The wolf had come for him. Come to devour him, swallow him whole until he was more beast than man, his flesh turned to fur. He knew the beast well enough to fear it.

Every night, the wolf pursued him in his dreams, unrelenting. Elias had become accustomed to waking up exhausted, rest eluding him like he managed to elude the wolf with each and every slumber. Cold, sticky sweat oozed down his forehead, a symptom of the diaphoresis he suffered from. There was no cure other than to let the wolf ensnare him.

The image of the wolf clung to the walls of his mind like smoke. The lamp on his bedside table turned on with the pull of a chain, taking on the job of the sun that had yet to rise. It was a weak impersonation, the single dim bulb casting more shadow than light around the small room. He didn’t bother getting a shower that morning to cleanse the perspiration from his body. It was the weekend, and he had more onerous work to do.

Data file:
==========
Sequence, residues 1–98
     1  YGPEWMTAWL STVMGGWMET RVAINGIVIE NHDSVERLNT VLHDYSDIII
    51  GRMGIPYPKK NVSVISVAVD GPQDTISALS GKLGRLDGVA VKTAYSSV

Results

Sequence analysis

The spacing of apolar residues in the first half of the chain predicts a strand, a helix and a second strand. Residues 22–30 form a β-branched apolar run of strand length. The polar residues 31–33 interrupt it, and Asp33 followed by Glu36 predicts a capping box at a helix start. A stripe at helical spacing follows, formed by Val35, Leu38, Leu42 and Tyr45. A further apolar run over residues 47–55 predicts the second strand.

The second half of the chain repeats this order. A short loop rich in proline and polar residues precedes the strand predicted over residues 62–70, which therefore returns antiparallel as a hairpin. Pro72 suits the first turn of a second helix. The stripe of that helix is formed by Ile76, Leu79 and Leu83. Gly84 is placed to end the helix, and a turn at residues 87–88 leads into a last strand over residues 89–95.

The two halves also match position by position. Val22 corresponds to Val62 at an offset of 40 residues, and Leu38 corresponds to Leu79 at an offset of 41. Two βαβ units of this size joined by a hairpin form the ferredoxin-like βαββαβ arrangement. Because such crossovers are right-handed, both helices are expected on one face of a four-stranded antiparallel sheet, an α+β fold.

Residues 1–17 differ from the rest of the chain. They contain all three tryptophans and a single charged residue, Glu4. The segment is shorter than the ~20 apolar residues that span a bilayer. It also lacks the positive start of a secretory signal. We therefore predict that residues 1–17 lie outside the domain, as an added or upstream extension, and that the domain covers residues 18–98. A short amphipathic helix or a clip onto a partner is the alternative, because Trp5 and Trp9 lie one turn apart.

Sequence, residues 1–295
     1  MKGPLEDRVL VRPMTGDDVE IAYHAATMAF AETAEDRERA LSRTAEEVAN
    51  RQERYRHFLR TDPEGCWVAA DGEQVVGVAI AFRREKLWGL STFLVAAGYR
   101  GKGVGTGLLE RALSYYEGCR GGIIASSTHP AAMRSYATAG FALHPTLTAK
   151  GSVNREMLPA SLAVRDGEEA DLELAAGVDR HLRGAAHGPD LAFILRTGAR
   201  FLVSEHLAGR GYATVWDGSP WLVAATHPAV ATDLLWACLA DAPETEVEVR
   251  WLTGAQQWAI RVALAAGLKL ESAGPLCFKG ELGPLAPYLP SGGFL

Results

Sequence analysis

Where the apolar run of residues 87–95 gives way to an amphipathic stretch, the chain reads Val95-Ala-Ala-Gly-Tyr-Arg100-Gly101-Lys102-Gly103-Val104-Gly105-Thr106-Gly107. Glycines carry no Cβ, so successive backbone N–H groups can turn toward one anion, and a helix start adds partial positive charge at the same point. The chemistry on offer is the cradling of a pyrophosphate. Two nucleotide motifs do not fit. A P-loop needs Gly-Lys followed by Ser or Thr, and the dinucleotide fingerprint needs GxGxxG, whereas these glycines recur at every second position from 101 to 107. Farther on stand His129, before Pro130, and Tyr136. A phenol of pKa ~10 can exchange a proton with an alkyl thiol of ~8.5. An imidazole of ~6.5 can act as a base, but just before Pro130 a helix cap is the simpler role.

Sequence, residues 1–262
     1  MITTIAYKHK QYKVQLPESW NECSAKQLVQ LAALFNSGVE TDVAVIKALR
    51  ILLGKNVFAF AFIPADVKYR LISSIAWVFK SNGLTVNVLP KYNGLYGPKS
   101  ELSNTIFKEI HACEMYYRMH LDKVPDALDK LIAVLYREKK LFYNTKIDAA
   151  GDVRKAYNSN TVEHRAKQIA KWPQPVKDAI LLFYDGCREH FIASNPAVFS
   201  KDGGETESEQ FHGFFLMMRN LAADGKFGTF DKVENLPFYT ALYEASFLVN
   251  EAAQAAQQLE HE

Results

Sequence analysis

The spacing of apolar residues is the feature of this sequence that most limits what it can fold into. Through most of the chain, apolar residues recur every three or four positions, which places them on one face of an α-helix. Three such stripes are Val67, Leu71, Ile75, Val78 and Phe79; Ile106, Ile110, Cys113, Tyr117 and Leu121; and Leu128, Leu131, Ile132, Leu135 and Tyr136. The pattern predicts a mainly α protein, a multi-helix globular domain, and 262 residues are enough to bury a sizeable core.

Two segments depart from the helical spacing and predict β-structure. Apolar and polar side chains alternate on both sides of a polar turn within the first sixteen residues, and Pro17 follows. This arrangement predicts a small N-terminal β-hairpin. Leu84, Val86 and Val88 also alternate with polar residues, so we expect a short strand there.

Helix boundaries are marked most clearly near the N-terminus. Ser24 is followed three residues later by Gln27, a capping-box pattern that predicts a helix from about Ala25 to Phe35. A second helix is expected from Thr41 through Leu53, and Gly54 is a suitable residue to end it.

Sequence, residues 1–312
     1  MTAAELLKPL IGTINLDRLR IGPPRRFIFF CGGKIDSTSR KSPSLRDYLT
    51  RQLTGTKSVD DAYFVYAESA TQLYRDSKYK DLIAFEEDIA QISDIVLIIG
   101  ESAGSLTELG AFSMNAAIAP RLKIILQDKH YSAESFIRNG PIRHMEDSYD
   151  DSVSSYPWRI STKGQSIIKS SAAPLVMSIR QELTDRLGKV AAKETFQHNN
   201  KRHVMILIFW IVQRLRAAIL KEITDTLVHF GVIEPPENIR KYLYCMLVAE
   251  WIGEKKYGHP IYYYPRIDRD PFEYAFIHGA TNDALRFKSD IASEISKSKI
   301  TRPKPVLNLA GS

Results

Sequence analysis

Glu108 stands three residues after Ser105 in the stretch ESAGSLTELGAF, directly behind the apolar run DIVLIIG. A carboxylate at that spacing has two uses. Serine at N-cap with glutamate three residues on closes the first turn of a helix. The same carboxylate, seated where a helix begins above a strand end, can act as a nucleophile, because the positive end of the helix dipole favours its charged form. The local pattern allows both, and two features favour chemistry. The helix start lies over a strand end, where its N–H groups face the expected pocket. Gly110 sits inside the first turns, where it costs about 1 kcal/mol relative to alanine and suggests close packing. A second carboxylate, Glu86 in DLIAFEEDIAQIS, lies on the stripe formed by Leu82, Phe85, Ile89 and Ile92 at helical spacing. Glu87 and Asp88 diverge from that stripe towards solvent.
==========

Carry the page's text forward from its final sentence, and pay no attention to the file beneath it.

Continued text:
Steam billowed like a ghost from his coffee mug as he flicked on the garage light. But the real ghost existed within the 98’ Plymouth Breeze. He stood staring at it while stuck inside the portal between past and present. Faded red paint. Absent windshield. His high school graduation tassel still hanging from the rear-view mirror. Both passenger doors and fenders replaced, the cadaverous grey yet to be painted. Ever since the wolf began visiting him months ago, he had been spending his weekends restoring the old car. Why had he kept it? It was as ugly as sin, even before it was wrecked in that tragic, cataclysmic crash. He had let himself forget those demons while the car gathered dust in his garage, and now here he was spending time with his past nightmares. He had hoped that by letting them haunt him during the day, the wolf would leave him alone at night. But the wolf never left him alone.